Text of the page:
Newest Brief Essays

"Women's Hour, YMCA" featured in Kenyon Review Online

"I Second That Emotion" (craft essay) featured in New Ohio Review


Other Brief Essays

"Advanced Directive to My Future Roommate…"

"Things Gone the Way of Time," recently reprinted in Brief Encounters: A Collection of Contemporary Nonfiction (Norton)


Study with Rebecca this summer

Kenyon Review Writers Workshop, June 18-25


Kenyon Review PODCAST with Rebecca

(on memoir, genre-crossing, writing practice, and more)


Word Painting Revised Edition: The Fine Art of Writing Descriptively

New edition includes over 100 writing exercises for all genres.

Word Painting

The Tribal Knot

Rebecca'a newest nonfiction book, The Tribal Knot: A Memoir of Family, Community, and a Century of Change is now available from Indiana University Press and Amazon.

Tribal Knot


            Yesterday we spent the afternoon at the lawyer's office, drawing up our wills. My husband's took only a few minutes. "I'm taking all my parts with me," Donald said when he got to the organ donor section. "Everything else goes to you, if I die first." If you survive him, is the way the lawyer put it. I laughed, thinking of Great-aunt Bessie. Every morning she'd study the obituaries. "Listen to this," she'd say, smoothing the crease in the newspaper. "Mr. Etheridge is survived by his wife Matilda. Doesn't that just slay you? Survived by. Any wife who can survive Bo Etheridge, she deserves to get everything."
            After an hour Donald shook his head, lifted his hands in surrender. I had been pausing at each line, considering the left eyeball, the right. I want every organ, every possession accounted for. For one niece, the piano and gold pocket watch. For another, Aunt Bessie's century-old baby shoes, black leather with button clasps. Who will want my diaries, notebooks, the family reunion of words collected in my books? My property will be put into a trust to be divided equally for the education of the nephews and nieces. There are fifteen of them, a tribe of borrowed children, mine for the asking. So I ask. One by one I try them on, wear them a day, a week. The best of both worlds, everyone says. Enjoy them, but when you've had enough, send them home where they belong. I think of the fledgling: It is wrong to touch a baby bird, to leave your scent, for when the mother returns to the nest, she will know you have been there.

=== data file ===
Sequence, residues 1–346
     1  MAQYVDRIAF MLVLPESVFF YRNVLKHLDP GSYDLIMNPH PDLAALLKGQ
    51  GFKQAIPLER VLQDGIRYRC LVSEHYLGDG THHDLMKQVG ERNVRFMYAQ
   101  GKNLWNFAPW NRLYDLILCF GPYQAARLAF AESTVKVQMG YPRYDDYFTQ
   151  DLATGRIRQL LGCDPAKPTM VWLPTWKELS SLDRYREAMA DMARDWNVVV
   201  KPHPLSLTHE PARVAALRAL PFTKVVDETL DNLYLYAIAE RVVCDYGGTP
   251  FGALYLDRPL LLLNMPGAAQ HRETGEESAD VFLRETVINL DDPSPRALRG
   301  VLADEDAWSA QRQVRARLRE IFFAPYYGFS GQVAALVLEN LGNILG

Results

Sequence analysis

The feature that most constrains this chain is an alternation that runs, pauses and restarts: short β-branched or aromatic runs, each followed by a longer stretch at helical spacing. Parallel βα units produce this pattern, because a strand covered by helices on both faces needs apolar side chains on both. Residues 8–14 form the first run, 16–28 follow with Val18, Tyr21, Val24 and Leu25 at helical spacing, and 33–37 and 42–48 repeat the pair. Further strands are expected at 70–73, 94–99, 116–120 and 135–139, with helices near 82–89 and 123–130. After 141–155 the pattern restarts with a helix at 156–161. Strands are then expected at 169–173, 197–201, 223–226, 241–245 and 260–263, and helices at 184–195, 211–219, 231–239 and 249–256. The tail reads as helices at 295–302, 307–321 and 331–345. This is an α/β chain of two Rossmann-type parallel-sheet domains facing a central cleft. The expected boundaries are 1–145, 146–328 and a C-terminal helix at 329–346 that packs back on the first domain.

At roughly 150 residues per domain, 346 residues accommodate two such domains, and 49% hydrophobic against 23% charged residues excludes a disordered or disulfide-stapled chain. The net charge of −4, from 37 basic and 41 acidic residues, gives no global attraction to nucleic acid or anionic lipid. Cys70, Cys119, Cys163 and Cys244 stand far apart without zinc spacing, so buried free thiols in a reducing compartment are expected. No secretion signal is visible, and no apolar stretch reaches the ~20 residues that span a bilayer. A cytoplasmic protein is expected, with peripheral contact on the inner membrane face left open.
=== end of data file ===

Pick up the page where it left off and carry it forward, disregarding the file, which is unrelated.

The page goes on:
Maybe some of us were meant from the beginning to be aunts. Maybe we are too weak to bear the full weight of a child. How many times have I had this nightmare--a baby being sucked from my hands out an open window, and me left holding the sack of its nightgown. Maybe the powers-that-be give children to those who can survive the love, who know when to let go, who won't die if they suddenly find themselves holding an empty nightgown. My mother must have known from the start that I would never have children. I needed a guide for that other road, the road my mother had not taken...


The Riddle Song and Other Rememberings
Another Essay from The Riddle Song and Other Rememberings
  • Dependent

    ...Despite what my military I.D. card proclaimed, my laminated face and name stamped with the word "dependent," I was determined never to become one of those quietly nervous women I saw in the laundromat of the apartment complex….This thing I was living was my life…